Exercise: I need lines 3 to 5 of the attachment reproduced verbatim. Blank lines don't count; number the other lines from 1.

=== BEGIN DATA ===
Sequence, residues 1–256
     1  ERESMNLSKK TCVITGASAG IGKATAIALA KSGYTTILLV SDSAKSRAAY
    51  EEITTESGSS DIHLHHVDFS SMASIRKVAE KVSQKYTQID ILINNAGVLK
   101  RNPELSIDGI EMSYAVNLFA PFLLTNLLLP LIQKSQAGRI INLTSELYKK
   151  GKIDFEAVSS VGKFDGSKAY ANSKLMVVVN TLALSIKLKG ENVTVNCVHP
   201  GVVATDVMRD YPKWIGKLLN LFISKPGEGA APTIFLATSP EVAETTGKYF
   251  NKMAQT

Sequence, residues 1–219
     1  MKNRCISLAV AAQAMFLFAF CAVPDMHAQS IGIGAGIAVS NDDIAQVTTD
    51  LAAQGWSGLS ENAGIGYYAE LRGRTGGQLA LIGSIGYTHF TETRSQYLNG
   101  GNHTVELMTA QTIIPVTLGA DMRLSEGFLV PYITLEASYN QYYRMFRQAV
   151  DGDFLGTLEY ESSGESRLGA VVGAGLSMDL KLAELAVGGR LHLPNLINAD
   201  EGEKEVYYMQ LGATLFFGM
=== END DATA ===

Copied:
    51  EEITTESGSS DIHLHHVDFS SMASIRKVAE KVSQKYTQID ILINNAGVLK
   101  RNPELSIDGI EMSYAVNLFA PFLLTNLLLP LIQKSQAGRI INLTSELYKK
   151  GKIDFEAVSS VGKFDGSKAY ANSKLMVVVN TLALSIKLKG ENVTVNCVHP